Wilma remains over the Loop Current of the Gulf of Mexico. As of the 5PM EDT advisory, Wilma's intensity had been slightly increased, with winds of 105 mph and a pressure of 959 mb. Wilma is picking up speed and moving northeast at 14 mph. Wilma could regain category 3 intensity over the Gulf. This may be slow to occur as the Yucatan seems to have destroyed her inner core. Wilma will need to rebuild an eye before strengthening. Microwave imagery suggests that the inner eyewall is nearly non-existent. The larger outer eyewall will not be able to support a major hurricane yet.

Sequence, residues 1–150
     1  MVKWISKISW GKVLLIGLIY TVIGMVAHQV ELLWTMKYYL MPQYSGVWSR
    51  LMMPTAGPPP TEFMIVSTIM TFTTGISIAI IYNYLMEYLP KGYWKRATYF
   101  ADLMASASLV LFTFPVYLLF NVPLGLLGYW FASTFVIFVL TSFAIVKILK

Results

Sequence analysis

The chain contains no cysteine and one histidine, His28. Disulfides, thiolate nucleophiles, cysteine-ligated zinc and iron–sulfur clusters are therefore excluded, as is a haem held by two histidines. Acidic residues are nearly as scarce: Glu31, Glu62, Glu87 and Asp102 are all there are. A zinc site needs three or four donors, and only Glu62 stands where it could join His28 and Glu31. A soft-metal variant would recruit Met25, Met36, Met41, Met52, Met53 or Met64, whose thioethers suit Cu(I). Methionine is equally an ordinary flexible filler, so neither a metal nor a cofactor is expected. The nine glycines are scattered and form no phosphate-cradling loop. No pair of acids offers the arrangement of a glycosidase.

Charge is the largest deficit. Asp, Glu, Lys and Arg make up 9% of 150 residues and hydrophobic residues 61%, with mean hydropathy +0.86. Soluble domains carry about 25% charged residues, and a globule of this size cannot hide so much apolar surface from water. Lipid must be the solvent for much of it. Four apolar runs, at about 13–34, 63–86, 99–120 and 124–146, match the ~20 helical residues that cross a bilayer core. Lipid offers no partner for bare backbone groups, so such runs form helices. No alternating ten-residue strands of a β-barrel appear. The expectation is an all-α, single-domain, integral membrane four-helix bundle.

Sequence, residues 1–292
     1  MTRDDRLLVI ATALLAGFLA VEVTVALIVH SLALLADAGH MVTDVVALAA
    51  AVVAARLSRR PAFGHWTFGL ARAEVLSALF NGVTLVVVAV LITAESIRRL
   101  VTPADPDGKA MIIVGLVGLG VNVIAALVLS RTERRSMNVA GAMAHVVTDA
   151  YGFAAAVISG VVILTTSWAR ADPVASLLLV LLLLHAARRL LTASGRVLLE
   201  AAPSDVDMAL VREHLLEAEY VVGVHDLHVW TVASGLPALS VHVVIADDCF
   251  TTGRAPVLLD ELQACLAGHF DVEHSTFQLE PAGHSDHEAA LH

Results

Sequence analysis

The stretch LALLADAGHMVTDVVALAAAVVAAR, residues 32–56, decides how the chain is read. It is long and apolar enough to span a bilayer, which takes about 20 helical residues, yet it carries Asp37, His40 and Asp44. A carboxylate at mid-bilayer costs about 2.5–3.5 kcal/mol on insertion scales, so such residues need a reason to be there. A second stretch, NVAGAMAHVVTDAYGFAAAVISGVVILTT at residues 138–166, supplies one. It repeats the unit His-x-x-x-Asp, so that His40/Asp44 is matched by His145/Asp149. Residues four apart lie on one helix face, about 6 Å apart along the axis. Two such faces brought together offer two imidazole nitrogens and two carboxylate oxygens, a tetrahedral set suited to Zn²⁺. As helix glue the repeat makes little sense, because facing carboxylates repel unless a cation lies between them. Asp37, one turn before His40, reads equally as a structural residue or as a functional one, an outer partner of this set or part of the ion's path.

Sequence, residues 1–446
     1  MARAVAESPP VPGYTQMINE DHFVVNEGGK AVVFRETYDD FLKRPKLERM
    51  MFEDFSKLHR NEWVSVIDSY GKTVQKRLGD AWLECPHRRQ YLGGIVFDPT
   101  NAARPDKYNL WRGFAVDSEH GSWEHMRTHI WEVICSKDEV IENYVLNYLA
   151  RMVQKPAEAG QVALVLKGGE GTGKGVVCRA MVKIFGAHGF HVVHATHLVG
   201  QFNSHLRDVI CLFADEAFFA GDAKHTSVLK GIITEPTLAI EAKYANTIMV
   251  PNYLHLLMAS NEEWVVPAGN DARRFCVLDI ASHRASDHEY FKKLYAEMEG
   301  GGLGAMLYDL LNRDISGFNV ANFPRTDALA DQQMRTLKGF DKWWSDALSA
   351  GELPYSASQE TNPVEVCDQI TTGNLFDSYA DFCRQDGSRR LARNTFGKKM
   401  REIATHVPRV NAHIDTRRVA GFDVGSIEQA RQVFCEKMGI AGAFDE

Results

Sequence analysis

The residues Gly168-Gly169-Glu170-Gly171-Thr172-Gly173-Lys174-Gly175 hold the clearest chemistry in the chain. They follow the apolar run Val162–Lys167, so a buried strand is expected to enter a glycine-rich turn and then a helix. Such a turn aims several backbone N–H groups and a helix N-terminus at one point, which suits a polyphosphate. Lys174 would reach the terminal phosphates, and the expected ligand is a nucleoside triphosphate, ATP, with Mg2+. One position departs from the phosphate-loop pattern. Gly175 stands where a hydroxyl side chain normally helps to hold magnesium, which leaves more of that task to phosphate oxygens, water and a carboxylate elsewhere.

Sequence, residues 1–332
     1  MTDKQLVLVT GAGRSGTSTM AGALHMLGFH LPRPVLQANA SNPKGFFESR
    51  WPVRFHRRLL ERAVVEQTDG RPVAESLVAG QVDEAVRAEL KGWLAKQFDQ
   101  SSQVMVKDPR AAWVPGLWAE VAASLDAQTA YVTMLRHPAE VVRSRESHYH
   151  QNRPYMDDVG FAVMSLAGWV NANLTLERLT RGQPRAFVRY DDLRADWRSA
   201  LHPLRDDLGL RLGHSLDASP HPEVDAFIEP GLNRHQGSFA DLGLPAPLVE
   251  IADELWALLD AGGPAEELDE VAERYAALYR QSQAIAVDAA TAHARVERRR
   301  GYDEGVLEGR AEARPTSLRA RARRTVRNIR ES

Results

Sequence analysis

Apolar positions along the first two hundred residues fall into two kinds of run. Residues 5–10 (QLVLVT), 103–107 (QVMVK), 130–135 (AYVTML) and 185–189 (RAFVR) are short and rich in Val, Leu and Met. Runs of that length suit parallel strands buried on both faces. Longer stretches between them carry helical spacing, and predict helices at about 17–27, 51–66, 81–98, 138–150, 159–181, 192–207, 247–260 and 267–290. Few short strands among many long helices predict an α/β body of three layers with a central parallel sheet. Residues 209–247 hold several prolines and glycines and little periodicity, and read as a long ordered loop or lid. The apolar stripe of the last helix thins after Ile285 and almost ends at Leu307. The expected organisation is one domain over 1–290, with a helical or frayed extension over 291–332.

Hurricane Warnings and other advisories are in effect for much of the Florida coast. Mandatory evacuations have been issued for southwestern parts of the Florida coast.
While the models still show no clear consensus, southern Florida should be on guard.
As Wilma ventures into the Gulf, at first, she will be over warm water capable of supporting a Category 5 hurricane. The Loop Current is very strong in the southern Gulf at this time. There is much more energy present in the south-central Gulf than is typical of this time of year. However, the warm water becomes limited nearer to and north of the Florida coast. Accordingly, I still suspect that Wilma will be a Category 2 hurricane at her next landfall in Florida.